Auriesville, New York — “This . . . is a cri de coeur, a cry from the heart. I am a lifelong Catholic, and I’ve been a priest for thirty-three years and a bishop for four years. I have dedicated my life to the Church. The sexual abuse scandal has been for me, for millions of other Catholics, and especially for the victim-survivors, lacerating. I have written this book for my fellow Catholics who feel, understandably demoralized, scandalized, angry beyond words, and ready to quit. What I finally urge my brothers and sisters in the Church to do is to stay and fight — and to do so on behalf of themselves and their families, but especially on behalf of those who have suffered so grievously at the hands of wicked men.”
I cracked open a copy of Bishop Robert Barron’s Letter to a Suffering Church and read this while sitting on the grounds of a “natural reliquary.” In the 17thcentury, French Jesuit missionary Father Isaac Jogues was among the Catholic priests tortured and killed in this Mohawk village. It’s hard to walk around here now and not feel intense awe and sorrow. Awe at these men who loved God and His people enough to be tortured for them — fingers mutilated to the point that Father Jogues couldn’t celebrate Mass (just about the worst thing you can do to a holy priest). Sorrow at the lack of faith in our day — so often in our lives and certainly in our culture.
Not too long after, a girl named Kateri Tekakwitha was born here, a place now known as The Shrine of Our Lady of Martyrs, or of the North American Martyrs. She would be baptized not too far from here by Jesuit missionaries, in total love with Jesus Christ. When he canonized her in October, Pope Benedict XVI said:
Kateri Tekakwitha was born in today’s New York state in 1656 to a Mohawk father and a Christian Algonquin mother who gave to her a sense of the living God. She was baptized at twenty years of age and, to escape persecution, she took refuge in Saint Francis Xavier Mission near Montreal. There she worked, faithful to the traditions of her people, although renouncing their religious convictions until her death at the age of twenty-four. Leading a simple life, Kateri remained faithful to her love for Jesus, to prayer and to daily Mass. Her greatest wish was to know and to do what pleased God. She lived a life radiant with faith and purity.
“Kateri impresses us by the action of grace in her life in spite of the absence of external help and by the courage of her vocation, so unusual in her culture,” he added. “In her, faith and culture enrich each other! May her example help us to live where we are, loving Jesus without denying who we are.”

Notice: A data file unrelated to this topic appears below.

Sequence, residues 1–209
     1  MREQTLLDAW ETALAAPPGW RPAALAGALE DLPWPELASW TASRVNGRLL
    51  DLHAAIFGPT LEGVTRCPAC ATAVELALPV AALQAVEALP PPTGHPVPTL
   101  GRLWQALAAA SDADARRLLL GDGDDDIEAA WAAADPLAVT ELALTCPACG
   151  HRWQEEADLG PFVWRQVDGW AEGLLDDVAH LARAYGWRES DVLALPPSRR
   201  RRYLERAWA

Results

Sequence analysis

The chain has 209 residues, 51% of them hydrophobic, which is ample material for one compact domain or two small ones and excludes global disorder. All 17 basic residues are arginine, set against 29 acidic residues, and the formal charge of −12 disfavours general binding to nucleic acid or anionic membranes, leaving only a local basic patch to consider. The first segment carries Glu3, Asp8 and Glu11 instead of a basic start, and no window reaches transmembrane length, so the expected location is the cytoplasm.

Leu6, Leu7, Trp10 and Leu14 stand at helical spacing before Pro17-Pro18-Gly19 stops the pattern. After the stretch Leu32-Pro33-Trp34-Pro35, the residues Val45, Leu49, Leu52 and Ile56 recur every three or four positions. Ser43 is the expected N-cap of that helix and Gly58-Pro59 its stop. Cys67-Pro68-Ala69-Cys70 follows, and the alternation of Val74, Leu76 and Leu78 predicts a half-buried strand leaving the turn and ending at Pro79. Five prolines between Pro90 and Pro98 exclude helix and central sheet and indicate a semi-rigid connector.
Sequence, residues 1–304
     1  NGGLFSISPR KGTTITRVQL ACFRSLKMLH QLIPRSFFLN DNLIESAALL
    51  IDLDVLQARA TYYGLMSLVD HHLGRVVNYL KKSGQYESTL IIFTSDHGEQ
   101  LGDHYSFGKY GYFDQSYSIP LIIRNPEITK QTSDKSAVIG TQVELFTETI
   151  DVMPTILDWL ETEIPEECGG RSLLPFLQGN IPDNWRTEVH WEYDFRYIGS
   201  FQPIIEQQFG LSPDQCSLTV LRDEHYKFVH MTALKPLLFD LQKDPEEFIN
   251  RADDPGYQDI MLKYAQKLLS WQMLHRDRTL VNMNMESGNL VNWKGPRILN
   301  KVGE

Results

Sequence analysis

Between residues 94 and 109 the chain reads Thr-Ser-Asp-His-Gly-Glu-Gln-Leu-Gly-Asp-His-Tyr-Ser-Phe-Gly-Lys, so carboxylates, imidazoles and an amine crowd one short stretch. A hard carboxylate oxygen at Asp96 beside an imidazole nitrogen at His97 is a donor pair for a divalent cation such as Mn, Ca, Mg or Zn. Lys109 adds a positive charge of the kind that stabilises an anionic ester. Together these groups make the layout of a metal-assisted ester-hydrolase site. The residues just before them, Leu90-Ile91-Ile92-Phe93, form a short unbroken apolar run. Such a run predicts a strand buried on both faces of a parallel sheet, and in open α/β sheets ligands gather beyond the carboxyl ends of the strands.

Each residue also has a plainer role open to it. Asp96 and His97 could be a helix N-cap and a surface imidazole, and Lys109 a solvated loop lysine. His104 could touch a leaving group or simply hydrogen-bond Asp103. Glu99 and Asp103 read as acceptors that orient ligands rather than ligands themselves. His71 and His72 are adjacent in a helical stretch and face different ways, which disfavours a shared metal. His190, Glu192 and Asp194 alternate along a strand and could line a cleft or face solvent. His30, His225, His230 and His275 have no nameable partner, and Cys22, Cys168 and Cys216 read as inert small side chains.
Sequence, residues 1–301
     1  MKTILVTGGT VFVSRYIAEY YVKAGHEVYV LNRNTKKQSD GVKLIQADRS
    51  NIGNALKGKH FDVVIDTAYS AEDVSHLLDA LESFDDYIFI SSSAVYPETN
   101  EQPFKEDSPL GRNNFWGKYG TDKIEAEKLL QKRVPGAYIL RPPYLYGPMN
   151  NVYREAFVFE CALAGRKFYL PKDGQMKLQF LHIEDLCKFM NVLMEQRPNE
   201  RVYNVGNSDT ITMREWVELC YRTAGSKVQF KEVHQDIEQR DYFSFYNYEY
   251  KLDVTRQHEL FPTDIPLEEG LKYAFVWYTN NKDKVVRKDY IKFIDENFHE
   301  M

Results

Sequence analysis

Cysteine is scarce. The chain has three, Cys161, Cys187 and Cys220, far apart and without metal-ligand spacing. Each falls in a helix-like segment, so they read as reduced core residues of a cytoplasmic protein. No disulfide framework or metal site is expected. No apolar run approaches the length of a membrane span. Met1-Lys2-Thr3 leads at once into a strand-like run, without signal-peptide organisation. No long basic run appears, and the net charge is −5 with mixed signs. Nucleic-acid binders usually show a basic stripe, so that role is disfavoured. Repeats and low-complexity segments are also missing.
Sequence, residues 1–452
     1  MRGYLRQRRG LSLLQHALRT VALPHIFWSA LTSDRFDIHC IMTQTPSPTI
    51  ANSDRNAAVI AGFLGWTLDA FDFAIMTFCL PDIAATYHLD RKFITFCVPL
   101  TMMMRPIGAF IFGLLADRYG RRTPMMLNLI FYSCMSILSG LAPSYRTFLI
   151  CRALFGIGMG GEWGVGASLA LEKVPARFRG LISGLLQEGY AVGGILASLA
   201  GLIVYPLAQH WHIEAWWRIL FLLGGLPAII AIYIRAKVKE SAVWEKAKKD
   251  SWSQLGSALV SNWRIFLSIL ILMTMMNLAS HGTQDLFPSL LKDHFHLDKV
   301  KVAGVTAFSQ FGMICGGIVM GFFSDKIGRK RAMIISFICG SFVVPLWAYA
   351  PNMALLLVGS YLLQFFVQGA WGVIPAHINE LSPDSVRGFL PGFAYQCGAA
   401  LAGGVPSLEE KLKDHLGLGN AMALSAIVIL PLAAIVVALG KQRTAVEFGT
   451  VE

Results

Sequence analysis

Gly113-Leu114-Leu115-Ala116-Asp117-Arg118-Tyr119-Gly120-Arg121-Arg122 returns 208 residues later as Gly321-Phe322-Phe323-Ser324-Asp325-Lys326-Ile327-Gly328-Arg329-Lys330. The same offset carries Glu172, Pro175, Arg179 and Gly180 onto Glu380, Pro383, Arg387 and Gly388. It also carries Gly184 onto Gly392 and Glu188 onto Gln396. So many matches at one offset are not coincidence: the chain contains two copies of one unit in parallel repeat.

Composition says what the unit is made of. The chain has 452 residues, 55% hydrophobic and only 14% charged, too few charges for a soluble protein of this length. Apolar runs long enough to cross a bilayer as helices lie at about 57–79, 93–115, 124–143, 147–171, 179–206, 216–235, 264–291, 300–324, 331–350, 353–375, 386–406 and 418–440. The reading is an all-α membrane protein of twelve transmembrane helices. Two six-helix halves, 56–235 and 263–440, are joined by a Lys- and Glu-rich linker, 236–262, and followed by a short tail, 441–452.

When you think of Father Jogues and his fellow Jesuit missionaries and Kateri Tekakwitha, you start to dive even deeper into the depths of “a suffering Church.” After the shrine archivist talked about the mortifications Tekakwitha would subject herself to in penitential reparation for some of the brutality around her, I remarked that I often complain when my flight is delayed. Some of us do endure suffering, some of it great. But how many of us enter into it joyfully, believing it might have a redemptive purpose? How many professed Christians see it as uniting us to the suffering of Christ?
Coming to a place like this, a Catholic begins to feel that she must be a part of a renewal of the Church. Being here you know you must stay and fight — and not just in the Church, but in the world. This place is about a 45-minute drive from Albany. I started the day, in fact, in the cathedral that is a stone’s throw from the governor’s mansion. Andrew Cuomo, who has described himself as a former altar boy, earlier this year enacted his own kind of brutality on the state, expanding abortion and then celebrating it — including at the Freedom Tower, a place that was meant to be a sign of rebirth in the wake of the attacks on the 9/11 World Trade Center 18 years ago.
Our culture can be harsh in all kinds of cruel ways. There’s something here in the trails of this holy site that reminds us that no matter the circumstances we find ourselves in, we can be who we say we are. Father Jogues had been subjected to torture. He escaped but came back for the people he loved whom he had baptized. He wanted to serve and be a priest for the people who wanted Jesus in their lives. Surely, even in the face of evil in the Church and in the world, Christians can stay. By all means come here or another place of pilgrimage and be renewed. Because the legacy of these martyrs and this young, courageous girl is who we are — the evil isn’t. And the world — people of all faiths — needs people who believe the truths of the Gospel and who want to live His mandate of love in the world.
This column is based on one available through Andrews McMeel Universal’s Newspaper Enterprise Association.